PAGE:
Properly maintained, solar PV panels can continue to produce clean, emissions-free electricity for 25 years or more without any significant diminution in output capacity. This being the case, the staying power of the manufacturer – the financial soundness of the company standing behind your solar PV panels – merits attention when evaluating and comparing PV panels. So does the overall physical quality, technical specifications and any data available regarding performance in standard lab or field tests, as well as any data associated with actual installations – those in your or an area with comparable weather and climate conditions if at all possible.
A lot goes into manufacturing a solar PV panel. Long past are the days when product pricing and quality varied much more widely and buying PV panels might turn out to be risky. Today, manufacturers of even the lowest cost PV panels employ time-tested, well-proven methods when producing PV cells, modules and panels. Our website has expert reviews of the top five brands of solar panels sold to residential projects in the USA. You can also read consumers views of the best brands of solar panels for homes on SolarReviews.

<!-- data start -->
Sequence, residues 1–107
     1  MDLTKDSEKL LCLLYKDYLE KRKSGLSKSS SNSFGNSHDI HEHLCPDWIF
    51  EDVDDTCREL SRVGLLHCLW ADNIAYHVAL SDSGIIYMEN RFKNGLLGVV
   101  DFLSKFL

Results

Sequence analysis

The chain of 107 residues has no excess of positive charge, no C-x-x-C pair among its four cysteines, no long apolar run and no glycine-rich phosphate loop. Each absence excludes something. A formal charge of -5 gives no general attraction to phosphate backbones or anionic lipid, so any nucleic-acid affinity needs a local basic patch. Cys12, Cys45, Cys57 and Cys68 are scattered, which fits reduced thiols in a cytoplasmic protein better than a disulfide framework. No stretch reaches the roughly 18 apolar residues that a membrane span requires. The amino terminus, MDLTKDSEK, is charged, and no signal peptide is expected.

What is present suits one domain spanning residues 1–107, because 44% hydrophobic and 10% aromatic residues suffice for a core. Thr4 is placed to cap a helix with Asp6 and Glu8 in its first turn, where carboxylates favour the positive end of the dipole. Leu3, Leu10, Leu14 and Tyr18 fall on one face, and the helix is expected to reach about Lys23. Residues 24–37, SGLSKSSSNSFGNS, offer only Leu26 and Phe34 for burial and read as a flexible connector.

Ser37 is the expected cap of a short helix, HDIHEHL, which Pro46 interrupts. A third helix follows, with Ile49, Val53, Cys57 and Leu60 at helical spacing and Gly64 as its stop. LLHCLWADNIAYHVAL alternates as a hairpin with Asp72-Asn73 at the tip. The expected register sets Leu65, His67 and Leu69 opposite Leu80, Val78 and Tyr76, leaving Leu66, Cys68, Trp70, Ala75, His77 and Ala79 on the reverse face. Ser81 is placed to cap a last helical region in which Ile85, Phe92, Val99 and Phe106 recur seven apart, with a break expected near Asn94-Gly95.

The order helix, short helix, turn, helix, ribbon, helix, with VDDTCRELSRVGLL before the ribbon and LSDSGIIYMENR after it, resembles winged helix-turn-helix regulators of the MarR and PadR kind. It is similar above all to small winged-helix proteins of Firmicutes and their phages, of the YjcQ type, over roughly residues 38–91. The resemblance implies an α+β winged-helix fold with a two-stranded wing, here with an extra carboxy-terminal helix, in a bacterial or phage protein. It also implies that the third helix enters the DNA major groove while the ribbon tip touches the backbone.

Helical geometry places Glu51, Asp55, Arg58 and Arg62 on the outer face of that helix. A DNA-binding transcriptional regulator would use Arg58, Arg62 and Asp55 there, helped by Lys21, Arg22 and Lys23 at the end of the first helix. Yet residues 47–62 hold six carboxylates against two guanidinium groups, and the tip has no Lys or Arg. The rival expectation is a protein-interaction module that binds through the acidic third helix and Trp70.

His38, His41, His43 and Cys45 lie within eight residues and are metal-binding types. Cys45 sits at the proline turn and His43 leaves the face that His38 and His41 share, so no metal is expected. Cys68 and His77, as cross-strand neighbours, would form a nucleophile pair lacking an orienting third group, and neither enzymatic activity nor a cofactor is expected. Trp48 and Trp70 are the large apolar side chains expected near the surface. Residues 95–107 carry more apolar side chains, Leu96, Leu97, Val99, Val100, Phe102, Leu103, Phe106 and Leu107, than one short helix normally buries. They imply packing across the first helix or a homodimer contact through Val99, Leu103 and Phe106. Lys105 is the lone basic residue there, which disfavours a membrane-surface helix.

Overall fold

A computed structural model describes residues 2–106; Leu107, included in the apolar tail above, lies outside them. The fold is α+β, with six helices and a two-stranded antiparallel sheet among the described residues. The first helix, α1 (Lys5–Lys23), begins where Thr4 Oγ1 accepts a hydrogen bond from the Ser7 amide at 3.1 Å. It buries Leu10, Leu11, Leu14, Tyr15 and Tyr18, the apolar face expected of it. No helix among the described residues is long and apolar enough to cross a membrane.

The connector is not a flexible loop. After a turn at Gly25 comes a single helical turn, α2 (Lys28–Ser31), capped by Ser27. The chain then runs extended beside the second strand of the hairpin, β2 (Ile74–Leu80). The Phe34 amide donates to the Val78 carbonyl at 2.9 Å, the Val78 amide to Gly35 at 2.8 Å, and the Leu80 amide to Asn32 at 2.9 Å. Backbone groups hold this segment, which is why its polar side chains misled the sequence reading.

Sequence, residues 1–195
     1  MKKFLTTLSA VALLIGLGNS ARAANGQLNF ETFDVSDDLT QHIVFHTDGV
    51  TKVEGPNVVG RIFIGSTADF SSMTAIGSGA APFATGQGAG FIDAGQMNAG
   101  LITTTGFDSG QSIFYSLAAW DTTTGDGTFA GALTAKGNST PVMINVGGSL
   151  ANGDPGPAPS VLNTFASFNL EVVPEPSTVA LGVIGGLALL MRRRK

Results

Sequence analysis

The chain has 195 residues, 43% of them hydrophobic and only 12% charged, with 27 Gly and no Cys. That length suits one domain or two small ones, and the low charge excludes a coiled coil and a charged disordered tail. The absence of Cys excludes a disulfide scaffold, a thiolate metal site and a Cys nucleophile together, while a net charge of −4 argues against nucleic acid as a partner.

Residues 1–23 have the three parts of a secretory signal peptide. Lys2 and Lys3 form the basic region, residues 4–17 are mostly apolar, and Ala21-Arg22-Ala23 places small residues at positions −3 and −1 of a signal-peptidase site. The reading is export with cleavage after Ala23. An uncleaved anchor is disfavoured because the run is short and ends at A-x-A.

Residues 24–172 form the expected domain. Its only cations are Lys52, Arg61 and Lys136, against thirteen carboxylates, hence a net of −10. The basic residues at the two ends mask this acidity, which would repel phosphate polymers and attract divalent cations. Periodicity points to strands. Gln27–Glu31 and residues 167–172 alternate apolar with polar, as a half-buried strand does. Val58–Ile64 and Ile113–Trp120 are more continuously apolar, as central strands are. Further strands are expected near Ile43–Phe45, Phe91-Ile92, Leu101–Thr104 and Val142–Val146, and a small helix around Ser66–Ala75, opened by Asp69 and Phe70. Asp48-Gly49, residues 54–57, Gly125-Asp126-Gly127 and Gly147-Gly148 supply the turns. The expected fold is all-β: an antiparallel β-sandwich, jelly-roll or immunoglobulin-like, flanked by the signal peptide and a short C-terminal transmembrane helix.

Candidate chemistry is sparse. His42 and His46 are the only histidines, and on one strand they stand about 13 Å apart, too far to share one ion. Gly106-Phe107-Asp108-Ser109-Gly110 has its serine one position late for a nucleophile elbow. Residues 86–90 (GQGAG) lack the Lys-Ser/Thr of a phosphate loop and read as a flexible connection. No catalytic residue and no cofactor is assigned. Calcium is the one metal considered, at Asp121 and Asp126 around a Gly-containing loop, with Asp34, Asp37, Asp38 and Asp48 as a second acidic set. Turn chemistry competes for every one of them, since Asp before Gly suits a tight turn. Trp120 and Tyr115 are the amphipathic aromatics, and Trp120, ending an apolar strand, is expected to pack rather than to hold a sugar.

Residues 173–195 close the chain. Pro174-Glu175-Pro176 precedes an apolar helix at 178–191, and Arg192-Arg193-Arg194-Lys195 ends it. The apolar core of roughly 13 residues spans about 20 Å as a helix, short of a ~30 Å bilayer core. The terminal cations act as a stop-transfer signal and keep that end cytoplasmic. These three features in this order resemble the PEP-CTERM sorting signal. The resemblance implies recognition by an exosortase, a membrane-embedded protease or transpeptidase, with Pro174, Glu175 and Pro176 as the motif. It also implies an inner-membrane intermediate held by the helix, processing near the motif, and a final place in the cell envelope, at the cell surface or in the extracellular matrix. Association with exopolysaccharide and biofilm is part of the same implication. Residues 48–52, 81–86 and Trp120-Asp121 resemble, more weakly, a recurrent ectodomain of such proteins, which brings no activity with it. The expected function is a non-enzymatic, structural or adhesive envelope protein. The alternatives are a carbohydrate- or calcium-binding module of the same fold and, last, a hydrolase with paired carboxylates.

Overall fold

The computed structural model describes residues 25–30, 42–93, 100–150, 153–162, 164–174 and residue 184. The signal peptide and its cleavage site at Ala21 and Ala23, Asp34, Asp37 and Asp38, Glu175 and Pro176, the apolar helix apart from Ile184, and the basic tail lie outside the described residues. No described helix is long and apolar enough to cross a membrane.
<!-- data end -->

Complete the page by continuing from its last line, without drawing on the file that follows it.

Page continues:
Furthermore, manufacturing processes and PV panels themselves are much more standardized, and panels are typically subjected to rigorous, independent, third-party lab testing. Independent tests of PV panel performance and overall quality are conducted in labs under standardized conditions meant to simulate actual and extreme conditions they're likely to be subjected to in various climate and geographical zones across the U.S. and beyond.